Not until after 5pm, after teaching, after lecturing, after I was a grownup all day.

Then, of course, I'd be ready to handle it.

On Monday I threw on my lucky dress, and taught my AMH 2020 class then took a field trip to FSU to lecture on Teaching College History.

On my way home, I called my mom and talked to Abuela

She sounded tired and distracted.

Of course, she's a celebrity in that hospital, probably getting foot rubs and extra morphine. 

Lucky her. 

I told her I loved her and that I'd see her when I drive down with the kids on December 18.

She laughed and told me I'd better bring down the keys, soon. She's ready to drive.

I think -- although I don't want to -- that I understood her, completely.
The next day I write about weather.

Forecast: Peaceful Waters

Mom loses her voice under stress.

Which is fine, because she has her blackberry.

This also fine because it means that people can't call Mom and constantly ask for updates on Abuela's conditions.

Being a PR/Media specialist, Mom has found a way to manage this situation.

She's issuing written updates to my father whose job is then to stick to his script and disseminate the statements by phone.

And of course, there is a protocol.

First, dad calls Abuela's other children, Milly and Vincent.

Then he calls my brother Winn.

A fter that he should call me, then other cousins.

The noon update, today: "She continues to deteriorate."

This is a particularly meaningful and appropriate analogy for a family who resides in South Florida and New Orleans.

I imagine Hurricane Abuela, once a category 5 storm with a well defined eye and winds of over 200 miles per hour, downgraded to a category 1.

Then a tropical storm.

Then a disturbance.

Then peace.

After that, I wrote about, well -- you know.

Happy First Day

I woke up at 3:50am with a beeping phone.

I rolled over Zoe and swatted around the floor of the dark room for a second before finding the blinking source of the noise.

One new text message from Tita, telling me to not wear perfume when I came down today.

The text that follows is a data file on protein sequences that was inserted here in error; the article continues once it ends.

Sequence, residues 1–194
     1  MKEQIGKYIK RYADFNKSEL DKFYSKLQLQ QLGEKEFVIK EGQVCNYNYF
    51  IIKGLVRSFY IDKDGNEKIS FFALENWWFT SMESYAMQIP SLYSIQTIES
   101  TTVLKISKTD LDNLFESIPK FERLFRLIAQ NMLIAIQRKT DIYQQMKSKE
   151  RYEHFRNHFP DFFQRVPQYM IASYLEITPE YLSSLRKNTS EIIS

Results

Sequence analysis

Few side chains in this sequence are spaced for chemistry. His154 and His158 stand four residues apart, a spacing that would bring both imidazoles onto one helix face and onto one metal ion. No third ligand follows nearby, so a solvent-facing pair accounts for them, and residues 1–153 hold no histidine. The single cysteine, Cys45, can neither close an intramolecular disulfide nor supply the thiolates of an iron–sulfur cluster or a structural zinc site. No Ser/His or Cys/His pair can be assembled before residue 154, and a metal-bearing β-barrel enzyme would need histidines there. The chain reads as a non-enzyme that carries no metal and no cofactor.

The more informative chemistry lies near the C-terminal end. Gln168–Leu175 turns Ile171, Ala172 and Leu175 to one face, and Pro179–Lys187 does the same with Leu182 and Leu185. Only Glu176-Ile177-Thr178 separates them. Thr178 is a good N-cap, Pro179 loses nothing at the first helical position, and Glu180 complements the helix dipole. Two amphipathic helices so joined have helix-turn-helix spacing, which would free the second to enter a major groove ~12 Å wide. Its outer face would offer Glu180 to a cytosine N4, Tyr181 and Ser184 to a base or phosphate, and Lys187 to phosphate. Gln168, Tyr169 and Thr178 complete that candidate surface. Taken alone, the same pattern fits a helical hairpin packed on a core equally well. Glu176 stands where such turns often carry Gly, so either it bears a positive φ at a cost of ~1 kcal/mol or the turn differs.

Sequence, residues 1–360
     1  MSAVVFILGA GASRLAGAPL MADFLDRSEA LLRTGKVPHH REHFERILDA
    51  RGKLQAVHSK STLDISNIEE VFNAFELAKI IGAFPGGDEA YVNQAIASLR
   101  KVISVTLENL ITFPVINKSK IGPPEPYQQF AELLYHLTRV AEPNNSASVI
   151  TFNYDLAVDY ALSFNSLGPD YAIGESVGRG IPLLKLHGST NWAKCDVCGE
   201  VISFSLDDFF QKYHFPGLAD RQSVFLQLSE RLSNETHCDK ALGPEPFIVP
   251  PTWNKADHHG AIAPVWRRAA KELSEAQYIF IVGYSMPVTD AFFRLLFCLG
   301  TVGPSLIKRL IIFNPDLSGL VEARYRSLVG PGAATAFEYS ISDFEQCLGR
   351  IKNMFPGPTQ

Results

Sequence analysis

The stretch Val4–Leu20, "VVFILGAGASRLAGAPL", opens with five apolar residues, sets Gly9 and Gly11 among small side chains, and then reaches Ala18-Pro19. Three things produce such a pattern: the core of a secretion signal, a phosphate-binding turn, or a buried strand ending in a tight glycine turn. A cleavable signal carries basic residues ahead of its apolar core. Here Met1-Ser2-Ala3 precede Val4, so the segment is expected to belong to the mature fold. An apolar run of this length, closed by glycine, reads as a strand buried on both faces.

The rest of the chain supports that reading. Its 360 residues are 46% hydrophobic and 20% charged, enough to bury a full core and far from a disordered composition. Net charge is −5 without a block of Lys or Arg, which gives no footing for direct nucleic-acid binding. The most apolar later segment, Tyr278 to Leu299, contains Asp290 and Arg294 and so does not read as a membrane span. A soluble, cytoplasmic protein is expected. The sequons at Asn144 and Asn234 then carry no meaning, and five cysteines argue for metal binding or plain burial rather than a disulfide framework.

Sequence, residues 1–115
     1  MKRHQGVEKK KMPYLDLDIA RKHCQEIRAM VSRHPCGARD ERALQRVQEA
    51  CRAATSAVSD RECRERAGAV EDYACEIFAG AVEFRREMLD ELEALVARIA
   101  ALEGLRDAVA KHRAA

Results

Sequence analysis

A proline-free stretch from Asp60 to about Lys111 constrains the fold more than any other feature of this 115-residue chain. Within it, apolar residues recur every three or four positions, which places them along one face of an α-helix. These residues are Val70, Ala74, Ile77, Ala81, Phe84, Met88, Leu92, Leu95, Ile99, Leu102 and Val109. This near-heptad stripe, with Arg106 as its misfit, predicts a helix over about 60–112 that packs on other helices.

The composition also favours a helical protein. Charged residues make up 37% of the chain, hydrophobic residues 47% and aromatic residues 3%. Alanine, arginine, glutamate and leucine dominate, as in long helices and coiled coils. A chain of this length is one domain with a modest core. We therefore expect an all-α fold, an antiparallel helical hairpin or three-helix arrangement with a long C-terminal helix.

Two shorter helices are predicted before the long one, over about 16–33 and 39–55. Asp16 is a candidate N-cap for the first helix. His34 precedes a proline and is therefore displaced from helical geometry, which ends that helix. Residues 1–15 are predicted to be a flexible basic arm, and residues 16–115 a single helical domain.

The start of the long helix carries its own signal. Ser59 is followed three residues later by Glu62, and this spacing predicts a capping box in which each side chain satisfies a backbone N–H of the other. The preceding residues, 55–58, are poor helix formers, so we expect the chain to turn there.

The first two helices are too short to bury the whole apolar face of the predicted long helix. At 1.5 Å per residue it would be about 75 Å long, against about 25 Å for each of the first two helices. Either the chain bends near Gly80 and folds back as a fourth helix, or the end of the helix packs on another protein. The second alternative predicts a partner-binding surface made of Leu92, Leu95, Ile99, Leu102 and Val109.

I knew that, I remembered that, but I guess after five days of being at her mother's side for 24 hours, my mom just wanted to make sure that every single detail was in line.

texted her back "Thank you. I love you. Can you rest?"

She didn't text me back.

I couldn't sleep, so I roamed the house, took a shower, finished some laundry, packed the car for my ride to Fort Lauderdale to take part in exactly what I wasn't sure.

What I did know was that it was time to for the drive.

On Friday morning, during a tearful conversation, I asked my mom, "Isn't it time yet? I want to be there. Please say I can come."

Her response? A deep sigh, a sniff, resignation. "Almost. It's almost time."

That was enough for me.

My mind was made up. I heard what I needed to hear, and I made the decision no one could make for me.

Within hours I'd rented a car, arranged to cancel classes for part of the upcoming week, and took my brother up on his offer of a place to sleep.


At almost exactly 6am Saturday morning, I was all set in my rented PT Cruiser, about to pull out of the driveway when I decided to text my mom again. "I'm leaving now. No texting from the road. I love you & Tata. Happy First Day of December!"

See, we have this little (but fiercely competitive!) game of wishing each other a "Happy First Day" first. This game, which involves our extended family and friends, has gone on for decades.

When I arrived in Pompano Beach, dad and I grabbed lunch and then headed to the hospital.

Abuelo was happy to see me, and told me how proud he was that I was giving a speech in Miami. That was a lie, of course, but I understood. Mom told her parents I was coming down for work, that way they wouldn't think that I .... that I was here for ...